Mistress of Legend is the third book in the Guinevere’s Tale series, an interesting recreation of the legendary world of Camelot with its feisty characters and intriguing relationships. Nicole Evelina reinvents the character of Guinevere and starts readers on an adventure with her as she returns to Camelot, a world splintered by political factions. Having escaped death at the stake, her options are limited, and while she wants nothing more than to be with Lancelot, she is embroiled in the turmoil in Camelot where Mordred is thirsty for power and the people are longing for her leadership as the former queen. Follow her on an odyssey that brings her back to Lancelot and how her people rely on her to save them from the warring Votadini. But does she still have the fight in her, the wisdom of the queen she once was?
For fans of the legendary tales of King Arthur, Mistress of Legend comes along as a sumptuous, delectable treat, a tale written in gorgeous prose and featuring characters that are richly developed, with multiple levels of conflict and an enticing romance. Nicole Evelina’s writing is daring, a work of great imagination, and I was enticed by the world she recreates in this story. The absorbing first person voice catches the attention of the reader as the protagonist opens the tale with Arthur’s men finding her and Lancelot in the woods and bringing them to Camelot. But this strength in the voice doesn’t ebb as the narrative progresses; on the contrary, it deepens, unveiling layers of emotions and the intensity of the conflict, keeping readers focused and interested. This is a book that fans of legendary tales will be delighted to read, an enchanting world to navigate.
Contests are interesting beasts. Like reviews, how well you do (or don’t) depends on the fit of your book with the judges. I’ve entered all of my fiction to-date in the BookLife Prize (which is sponsored by Publisher’s Weekly, but separate from its reviews.) Until now, Been Searching for You is the only one they liked and even it failed to move on beyond the first round – just barely. They took the top 10 books and it was 11.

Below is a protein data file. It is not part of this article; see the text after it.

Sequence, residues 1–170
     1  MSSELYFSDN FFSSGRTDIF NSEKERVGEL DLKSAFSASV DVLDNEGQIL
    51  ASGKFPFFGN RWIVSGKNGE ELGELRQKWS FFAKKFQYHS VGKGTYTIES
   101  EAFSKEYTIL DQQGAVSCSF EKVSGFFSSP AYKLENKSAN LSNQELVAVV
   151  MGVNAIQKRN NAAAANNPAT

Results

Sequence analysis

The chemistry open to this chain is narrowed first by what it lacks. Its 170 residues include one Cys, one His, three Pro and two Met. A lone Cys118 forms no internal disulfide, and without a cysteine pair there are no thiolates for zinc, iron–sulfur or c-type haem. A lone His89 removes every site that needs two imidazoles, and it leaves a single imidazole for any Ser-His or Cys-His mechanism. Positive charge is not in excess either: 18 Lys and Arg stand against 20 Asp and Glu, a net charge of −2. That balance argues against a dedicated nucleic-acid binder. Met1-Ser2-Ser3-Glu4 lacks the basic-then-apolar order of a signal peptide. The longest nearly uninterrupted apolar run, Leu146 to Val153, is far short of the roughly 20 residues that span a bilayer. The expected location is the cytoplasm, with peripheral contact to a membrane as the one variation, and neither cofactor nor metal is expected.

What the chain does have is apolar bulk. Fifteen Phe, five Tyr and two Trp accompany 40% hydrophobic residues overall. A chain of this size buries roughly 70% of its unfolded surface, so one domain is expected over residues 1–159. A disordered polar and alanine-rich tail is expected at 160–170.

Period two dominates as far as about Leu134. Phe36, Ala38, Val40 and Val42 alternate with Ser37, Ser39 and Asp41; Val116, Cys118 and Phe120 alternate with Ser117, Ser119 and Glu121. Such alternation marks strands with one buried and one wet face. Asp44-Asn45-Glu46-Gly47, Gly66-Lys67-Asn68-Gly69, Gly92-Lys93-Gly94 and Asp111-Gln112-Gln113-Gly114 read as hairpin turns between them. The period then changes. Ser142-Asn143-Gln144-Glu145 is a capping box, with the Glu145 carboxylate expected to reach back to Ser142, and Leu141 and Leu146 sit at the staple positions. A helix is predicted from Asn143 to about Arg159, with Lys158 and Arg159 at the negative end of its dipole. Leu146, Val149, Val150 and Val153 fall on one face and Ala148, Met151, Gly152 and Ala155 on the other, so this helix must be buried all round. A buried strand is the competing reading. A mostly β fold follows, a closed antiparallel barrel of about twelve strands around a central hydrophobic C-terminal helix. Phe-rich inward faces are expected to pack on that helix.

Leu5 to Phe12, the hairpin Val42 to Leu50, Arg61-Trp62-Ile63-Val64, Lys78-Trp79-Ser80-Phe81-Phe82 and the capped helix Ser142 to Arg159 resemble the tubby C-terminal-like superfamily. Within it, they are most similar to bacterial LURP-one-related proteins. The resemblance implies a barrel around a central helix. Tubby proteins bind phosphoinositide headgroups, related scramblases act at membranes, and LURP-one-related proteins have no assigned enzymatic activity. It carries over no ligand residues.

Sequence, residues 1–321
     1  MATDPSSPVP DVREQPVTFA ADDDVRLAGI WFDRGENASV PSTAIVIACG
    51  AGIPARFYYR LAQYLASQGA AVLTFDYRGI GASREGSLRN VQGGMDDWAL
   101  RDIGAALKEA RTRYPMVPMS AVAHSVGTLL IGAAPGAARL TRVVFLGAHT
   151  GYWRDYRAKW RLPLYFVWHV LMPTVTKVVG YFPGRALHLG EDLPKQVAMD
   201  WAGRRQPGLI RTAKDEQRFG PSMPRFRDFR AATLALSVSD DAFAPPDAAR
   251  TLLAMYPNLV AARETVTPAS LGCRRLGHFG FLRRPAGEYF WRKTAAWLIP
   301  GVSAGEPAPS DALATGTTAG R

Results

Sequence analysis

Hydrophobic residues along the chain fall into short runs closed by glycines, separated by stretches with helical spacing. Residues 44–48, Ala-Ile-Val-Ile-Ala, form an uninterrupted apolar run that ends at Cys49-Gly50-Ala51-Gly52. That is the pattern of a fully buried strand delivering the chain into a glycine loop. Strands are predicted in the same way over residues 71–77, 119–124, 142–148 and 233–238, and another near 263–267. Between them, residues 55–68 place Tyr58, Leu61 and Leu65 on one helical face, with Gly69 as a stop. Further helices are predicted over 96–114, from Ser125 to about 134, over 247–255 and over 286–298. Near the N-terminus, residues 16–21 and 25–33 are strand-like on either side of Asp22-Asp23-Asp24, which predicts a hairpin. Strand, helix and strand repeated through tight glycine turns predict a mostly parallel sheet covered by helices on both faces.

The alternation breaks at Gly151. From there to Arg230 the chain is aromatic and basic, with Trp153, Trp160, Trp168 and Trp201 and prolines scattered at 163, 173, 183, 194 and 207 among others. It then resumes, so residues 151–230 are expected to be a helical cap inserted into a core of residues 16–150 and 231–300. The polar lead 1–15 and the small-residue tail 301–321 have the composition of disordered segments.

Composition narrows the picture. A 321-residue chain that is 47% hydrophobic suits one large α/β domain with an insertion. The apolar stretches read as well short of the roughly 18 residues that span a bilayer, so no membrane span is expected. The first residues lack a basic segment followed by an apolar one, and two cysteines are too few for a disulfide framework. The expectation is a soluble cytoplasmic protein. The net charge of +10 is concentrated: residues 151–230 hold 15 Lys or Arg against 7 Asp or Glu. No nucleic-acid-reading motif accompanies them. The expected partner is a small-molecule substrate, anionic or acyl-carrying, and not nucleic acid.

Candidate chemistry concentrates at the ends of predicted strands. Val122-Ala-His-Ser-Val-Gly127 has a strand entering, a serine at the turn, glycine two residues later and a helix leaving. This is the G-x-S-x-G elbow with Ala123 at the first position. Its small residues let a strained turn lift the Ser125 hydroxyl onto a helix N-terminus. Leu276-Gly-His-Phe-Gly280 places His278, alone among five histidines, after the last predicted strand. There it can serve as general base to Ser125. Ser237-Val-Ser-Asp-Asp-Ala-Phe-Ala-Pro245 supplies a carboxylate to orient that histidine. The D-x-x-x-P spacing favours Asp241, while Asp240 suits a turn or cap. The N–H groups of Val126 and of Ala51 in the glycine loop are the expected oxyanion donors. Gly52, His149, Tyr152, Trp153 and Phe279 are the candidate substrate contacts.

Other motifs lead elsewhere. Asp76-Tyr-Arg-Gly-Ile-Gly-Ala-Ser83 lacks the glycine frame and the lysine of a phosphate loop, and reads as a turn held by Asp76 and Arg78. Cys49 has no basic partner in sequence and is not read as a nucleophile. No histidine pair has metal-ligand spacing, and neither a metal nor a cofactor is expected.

I received the critic’s report today for Mistress of Legend. The overall score likely won’t be high enough to advance it to the next round, but I’m really proud of what the critic had to say about it. I think it’s interesting that he/she calls it a mystery and psychological thriller and compares Guinevere to Beowulf – totally not what I intended, but it if works for the reader, that’s all I care about. I’m proud to be in that company!
Plot: This book offers a cleverly crafted, suspenseful tale spun from Celtic mythology. Though many plotlines are drawn together in this Arthurian mystery, Evelina interweaves each line neatly, careful to not leave any strand loose.
Prose: With its eloquent style and lush imagery, the work retains the rich, earthy tones of an Old English epic. Evelina’s work boasts a careful interplay between riveting legends and modern sensibilities and will appeal to a broad range of readers.
Originality: Though inspired by ancient storytellers, Evelina transforms a murky, two-dimensional tale of kingdoms and conquest into a three-dimensional, psychological thriller with a pertinent feminist sentiment.
Character Development: The ferocity of female strength and skill present within Evelina’s work allows passage for protagonist Guinevere to be seen as a female Beowulf-archetype. However, like Beowulf, Guinevere’s strength is so palpable that she sometimes borders on two-dimensionality.
I noticed that you can re-enter any book from previous years as long as it doesn’t make it to the semi-final round. I may try that in the future, but maybe not.